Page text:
Power of one

PUBLISHED : Tuesday, 21 June, 2011, 12:00am
UPDATED : Tuesday, 21 June, 2011, 12:00am


In 1919, a young Chinese woman named Deng Chunlan published an open letter calling for the admission of women to China's universities. She also presented a revolutionary plan to improve the condition of women: 'Liberate the schools. Liberate the workplace. Liberate the governing regime. Liberate ourselves.'

Deng's call for liberation implored society to remove the institutional barriers to women's involvement in public life. In the century that has passed since, many of these barriers of Deng's time have been lowered, if not totally eliminated, in Hong Kong. So, what more is to be done now?

In truth, despite our progress, much remains to be done to achieve true gender parity. Now is not the time to be complacent, for barriers remain for many women, less visible but very real. And in this, more than ever before, women must lead the way towards their own equality.

Thanks in part to the compulsory education policy established since 1978, today's girls have ample opportunity for education. They have taken full advantage of this, and female enrolment in tertiary education has outnumbered male enrolment since the academic year of 1996-97.

And yet, a number of women still struggle for education in Hong Kong. Some ethnic minority girls cannot advance in their studies due to language and cultural barriers. Some young women face difficulties and bullying in school due to their gender or sexual orientation. Many women, especially those in their late 40s onwards, received only primary education. Many of them now work in the cleaning or service industries, and struggle to improve their situation with limited access to retraining opportunities.

In the workplace, we also see mixed progress. On the one hand, women form nearly half of the workforce. On the other, the female labour force participation rate remains low, particularly when compared to other developed economies. The vast majority of the lowest paid and most vulnerable workers are women, whose rights continue to be undermined by the lack of job security and wage protection.

There are also a number of issues that women continue to face at work, including unequal pay, sexual harassment and pregnancy discrimination. And the glass ceiling remains, barring many women from reaching the top. In the Women's Commission 2010 survey, still a quarter of female respondents said they did not want to be too successful at work due to family responsibilities.

And what about gender equality in political leadership? Women remain underrepresented among top-level leaders. This is caused in part by apathy: in the aforementioned survey, more than half of female non-registered voters did not register because they were 'not interested'. It is also caused by stereotypes: nearly 40 per cent of respondents agree that men perform better at political leadership than women.

And while having top female leaders is clearly a positive aim, it is not a panacea. As it has been shown in many countries, having female heads of state does not automatically translate to greater gender equality. The key issue is not the leader's gender, but her or his commitment to gender equality. It is for this commitment that we should fight.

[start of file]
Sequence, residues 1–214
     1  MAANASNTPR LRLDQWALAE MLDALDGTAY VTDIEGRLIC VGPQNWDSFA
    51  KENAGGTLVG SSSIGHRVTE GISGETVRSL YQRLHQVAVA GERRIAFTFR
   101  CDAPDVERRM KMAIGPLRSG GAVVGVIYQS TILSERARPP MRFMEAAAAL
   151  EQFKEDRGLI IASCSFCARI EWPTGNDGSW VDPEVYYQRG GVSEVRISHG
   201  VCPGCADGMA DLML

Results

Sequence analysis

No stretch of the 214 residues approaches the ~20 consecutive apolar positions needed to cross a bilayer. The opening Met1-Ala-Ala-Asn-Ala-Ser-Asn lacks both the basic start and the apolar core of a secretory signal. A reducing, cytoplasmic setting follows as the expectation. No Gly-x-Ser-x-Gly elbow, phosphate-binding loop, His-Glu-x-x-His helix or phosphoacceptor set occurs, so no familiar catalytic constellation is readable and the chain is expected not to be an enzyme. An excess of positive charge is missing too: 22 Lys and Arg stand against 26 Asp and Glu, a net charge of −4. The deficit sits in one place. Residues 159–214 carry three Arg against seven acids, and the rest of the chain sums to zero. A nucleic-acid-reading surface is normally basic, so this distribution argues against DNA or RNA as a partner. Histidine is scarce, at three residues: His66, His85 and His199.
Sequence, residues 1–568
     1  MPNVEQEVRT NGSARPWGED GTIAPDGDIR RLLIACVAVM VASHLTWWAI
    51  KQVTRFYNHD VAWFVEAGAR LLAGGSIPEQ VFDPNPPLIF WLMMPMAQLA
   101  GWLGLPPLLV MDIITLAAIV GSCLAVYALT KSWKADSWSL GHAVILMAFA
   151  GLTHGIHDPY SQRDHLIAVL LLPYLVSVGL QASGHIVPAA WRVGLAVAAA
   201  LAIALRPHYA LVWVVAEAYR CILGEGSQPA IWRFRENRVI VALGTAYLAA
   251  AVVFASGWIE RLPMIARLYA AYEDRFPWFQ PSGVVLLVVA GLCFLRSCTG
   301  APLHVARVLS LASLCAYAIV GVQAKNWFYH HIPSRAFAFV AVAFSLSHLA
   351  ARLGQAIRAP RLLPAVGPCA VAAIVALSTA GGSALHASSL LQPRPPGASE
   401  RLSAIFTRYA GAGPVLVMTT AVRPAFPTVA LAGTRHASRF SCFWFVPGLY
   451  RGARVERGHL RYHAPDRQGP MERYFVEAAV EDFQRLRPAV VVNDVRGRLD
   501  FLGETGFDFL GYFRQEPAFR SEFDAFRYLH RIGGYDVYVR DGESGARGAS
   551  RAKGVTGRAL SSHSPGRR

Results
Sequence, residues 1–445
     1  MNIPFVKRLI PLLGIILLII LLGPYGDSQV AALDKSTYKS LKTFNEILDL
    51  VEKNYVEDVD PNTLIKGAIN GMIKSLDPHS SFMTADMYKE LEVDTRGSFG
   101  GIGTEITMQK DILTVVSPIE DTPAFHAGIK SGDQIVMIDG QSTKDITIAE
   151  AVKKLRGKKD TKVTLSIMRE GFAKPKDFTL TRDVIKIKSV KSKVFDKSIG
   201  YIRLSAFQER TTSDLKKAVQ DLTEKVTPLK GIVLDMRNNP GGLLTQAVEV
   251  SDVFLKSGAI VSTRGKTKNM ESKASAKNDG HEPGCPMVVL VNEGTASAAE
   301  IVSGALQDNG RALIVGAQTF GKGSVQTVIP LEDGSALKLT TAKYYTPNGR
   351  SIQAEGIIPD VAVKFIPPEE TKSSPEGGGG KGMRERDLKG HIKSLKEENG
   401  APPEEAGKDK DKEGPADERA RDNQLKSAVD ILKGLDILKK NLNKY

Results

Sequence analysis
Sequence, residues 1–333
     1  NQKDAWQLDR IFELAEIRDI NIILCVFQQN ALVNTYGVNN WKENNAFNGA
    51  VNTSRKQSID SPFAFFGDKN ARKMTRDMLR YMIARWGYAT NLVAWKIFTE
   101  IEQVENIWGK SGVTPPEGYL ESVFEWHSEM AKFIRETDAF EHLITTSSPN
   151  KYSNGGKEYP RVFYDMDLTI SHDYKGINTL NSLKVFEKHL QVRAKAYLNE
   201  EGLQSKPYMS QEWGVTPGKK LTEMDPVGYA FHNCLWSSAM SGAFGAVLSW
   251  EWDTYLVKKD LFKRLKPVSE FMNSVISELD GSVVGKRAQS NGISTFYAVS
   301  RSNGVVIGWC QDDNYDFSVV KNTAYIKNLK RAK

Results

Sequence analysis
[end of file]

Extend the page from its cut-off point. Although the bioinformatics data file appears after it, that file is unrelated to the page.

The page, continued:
What we need then are greater demands on leaders and candidates, male and female, on their dedication to gender equality. The right leaders should be willing to make gender a mainstream consideration for policymaking and recognise that gender equality is the tide that lifts all boats.

To move further ahead in our progress towards gender equality, we need a new way of thinking. Despite our considerable advancement, we sadly remain tethered to many of the same tired stereotypes underpinning gender roles. For this to change, a collaborative effort is necessary.

Employers need to adopt a more family-friendly mindset and practices. Men need to rethink their biases and fairly share the burdens of the household. They also need to stop shunning gender equity as only a women's issue, and start taking active ownership of it. After all, parity between men and women leads to positive outcomes for everyone, including fewer conflicts, happier families and stronger workplace relationships.

Most importantly, women need to take on Deng Chunlan's century-old call to 'liberate themselves'. They must embrace the opportunity to advance, to go all the way to the top. They must let neither society nor themselves hold them back from becoming role models and leaders. They must not give in to apathy, but speak up and believe in their own capacity to lead in greater numbers.

Oftentimes, indifference stems from the misconceived belief that individual action, taken alone, would have a negligible impact not worthwhile of one's efforts. But history has shown the world over that genuine, deep- seated change is often the result of grass-roots activism, of simple acts that go on to inspire greater transformations. There are now many admirable women fighting for this cause, but more will be needed. Even the individual choice of not accepting stereotypes, of breaking out of one's comfort zone, could help change others' perspectives. Everyone can be a role model.

As we measure the progress that we have made over the past century, we see that the road ahead is still long. But the goal of true gender equality is not unreachable. We need only to work together to get there.

Lam Woon-kwong chairs the Equal Opportunities Commission